There was an idea that true innovation could happen within companies. That is what lead to the creation of Bell Labs, or the Xerox research center (PARC). However, that approached changed. Many big companies prefer to acquire younger ones to increase their footprint.
On the one hand, this gives a clear exit strategy to young startups (it was the case with Dispertech, inspired by the NanoSight example). One the other side, companies that do invest on R&D may end up with projects that won't pursue, not because they are not valuable, but because they don't fit their main scope.
When that happens, companies may sit on patents for years without doing anything. The idea behind open innovation is that companies can find ways of interacting with one another in order to build value together instead of independently.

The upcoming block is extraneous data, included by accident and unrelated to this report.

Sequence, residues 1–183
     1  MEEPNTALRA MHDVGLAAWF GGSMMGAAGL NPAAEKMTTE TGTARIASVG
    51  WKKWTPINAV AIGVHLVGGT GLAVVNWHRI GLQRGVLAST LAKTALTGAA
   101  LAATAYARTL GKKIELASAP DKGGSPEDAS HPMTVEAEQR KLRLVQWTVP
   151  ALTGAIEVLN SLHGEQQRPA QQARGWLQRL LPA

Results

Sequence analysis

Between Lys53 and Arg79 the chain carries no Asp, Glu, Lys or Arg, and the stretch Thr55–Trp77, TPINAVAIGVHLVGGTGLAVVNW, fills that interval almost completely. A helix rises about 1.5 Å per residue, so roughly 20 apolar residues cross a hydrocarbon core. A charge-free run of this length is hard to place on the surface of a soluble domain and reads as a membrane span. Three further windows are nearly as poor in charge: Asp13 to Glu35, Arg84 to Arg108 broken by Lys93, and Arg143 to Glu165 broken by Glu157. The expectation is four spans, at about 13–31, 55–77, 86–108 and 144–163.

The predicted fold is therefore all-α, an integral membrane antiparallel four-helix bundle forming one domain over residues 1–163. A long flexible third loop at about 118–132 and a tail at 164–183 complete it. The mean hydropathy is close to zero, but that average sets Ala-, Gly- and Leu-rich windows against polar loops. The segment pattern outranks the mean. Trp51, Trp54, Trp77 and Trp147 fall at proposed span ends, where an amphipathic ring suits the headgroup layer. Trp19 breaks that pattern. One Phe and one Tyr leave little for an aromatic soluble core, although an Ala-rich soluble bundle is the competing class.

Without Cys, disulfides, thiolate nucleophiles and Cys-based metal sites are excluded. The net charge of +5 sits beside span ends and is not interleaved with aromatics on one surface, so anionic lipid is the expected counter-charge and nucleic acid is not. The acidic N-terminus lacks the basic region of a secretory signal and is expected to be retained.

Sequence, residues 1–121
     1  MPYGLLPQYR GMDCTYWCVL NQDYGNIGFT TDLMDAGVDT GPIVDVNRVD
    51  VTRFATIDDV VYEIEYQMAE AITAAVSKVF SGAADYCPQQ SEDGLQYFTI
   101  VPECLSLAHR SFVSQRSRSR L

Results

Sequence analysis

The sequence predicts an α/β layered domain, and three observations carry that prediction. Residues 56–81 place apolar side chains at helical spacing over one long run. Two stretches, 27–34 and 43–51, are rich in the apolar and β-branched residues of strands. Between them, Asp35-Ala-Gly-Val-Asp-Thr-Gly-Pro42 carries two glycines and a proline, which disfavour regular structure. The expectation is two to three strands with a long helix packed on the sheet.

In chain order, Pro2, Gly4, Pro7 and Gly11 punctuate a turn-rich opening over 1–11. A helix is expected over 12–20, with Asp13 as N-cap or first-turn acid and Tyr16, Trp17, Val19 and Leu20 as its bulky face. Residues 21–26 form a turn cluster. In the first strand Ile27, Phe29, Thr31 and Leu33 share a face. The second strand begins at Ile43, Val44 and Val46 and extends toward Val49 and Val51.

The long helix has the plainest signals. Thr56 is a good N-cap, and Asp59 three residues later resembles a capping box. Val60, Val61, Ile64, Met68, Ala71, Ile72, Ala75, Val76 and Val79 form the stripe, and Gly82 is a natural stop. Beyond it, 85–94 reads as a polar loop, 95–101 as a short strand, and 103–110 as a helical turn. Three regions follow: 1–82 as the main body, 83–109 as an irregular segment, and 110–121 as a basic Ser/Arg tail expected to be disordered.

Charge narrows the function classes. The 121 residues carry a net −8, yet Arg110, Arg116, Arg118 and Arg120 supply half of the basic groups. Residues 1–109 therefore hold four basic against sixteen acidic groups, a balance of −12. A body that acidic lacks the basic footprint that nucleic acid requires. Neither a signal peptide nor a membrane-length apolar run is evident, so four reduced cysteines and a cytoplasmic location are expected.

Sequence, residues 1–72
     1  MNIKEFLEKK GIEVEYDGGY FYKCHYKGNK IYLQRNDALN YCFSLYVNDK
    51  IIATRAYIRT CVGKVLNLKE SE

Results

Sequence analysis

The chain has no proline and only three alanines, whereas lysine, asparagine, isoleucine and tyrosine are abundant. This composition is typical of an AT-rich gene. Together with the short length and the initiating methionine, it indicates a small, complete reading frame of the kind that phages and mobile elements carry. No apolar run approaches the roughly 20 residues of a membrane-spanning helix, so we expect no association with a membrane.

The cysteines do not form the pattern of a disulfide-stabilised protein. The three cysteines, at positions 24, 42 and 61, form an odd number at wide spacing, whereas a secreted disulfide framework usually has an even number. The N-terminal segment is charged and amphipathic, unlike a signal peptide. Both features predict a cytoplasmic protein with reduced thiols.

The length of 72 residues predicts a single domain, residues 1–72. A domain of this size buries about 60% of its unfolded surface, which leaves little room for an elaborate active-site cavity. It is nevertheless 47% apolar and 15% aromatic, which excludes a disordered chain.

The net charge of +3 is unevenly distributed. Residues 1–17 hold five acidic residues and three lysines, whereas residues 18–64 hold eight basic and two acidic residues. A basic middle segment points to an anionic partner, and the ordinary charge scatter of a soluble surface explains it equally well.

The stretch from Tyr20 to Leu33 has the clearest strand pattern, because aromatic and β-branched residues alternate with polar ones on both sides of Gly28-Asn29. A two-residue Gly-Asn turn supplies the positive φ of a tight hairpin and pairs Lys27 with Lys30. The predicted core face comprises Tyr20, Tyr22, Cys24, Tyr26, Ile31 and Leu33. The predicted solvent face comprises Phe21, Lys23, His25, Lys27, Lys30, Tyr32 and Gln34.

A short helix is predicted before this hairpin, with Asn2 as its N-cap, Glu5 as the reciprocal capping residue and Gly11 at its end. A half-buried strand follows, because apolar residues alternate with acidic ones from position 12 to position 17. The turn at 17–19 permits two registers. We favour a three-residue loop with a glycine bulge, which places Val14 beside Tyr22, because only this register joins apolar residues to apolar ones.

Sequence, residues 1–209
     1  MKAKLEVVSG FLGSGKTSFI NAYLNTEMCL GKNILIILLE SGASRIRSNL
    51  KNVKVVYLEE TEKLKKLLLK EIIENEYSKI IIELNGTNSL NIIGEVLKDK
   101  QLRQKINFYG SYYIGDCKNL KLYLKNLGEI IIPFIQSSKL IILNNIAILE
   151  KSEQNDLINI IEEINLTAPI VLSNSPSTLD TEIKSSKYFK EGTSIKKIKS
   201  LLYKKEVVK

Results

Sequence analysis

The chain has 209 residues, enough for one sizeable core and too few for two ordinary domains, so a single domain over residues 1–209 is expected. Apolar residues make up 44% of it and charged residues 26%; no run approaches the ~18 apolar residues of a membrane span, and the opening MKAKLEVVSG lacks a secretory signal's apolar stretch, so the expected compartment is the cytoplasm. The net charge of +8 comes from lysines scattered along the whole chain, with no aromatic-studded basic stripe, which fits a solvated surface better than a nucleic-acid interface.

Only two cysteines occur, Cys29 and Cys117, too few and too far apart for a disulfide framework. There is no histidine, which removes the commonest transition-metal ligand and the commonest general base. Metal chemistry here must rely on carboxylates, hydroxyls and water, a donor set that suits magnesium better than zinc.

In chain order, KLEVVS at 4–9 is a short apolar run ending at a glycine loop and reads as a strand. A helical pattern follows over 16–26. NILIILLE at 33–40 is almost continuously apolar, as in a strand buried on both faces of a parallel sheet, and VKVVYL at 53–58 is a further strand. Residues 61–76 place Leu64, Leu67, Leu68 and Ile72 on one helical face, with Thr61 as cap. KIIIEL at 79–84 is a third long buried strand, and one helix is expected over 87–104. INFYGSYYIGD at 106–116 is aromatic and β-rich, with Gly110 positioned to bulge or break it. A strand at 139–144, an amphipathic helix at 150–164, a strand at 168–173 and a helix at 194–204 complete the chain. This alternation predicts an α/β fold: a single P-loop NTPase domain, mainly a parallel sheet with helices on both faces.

Projects can be spun out as independent companies or as joint ventures. They can be incorporated into companies from other companies, etc.
A nice example is that of Hollywood ([[literature/@chesbrough|@chesbrough]]), where people float around different producers, studios, etc. Ideas are exchanged, transient associations are formed to make a movie or TV show.
Perhaps this is what happens in biotech when different companies possess platforms that may end up helping each other.
What I am surprised about, is that there is, in principle, no correlation between open innovation and open hardware. The purpose is not to make intellectual property publicly accessible, but just finding alternative business models.
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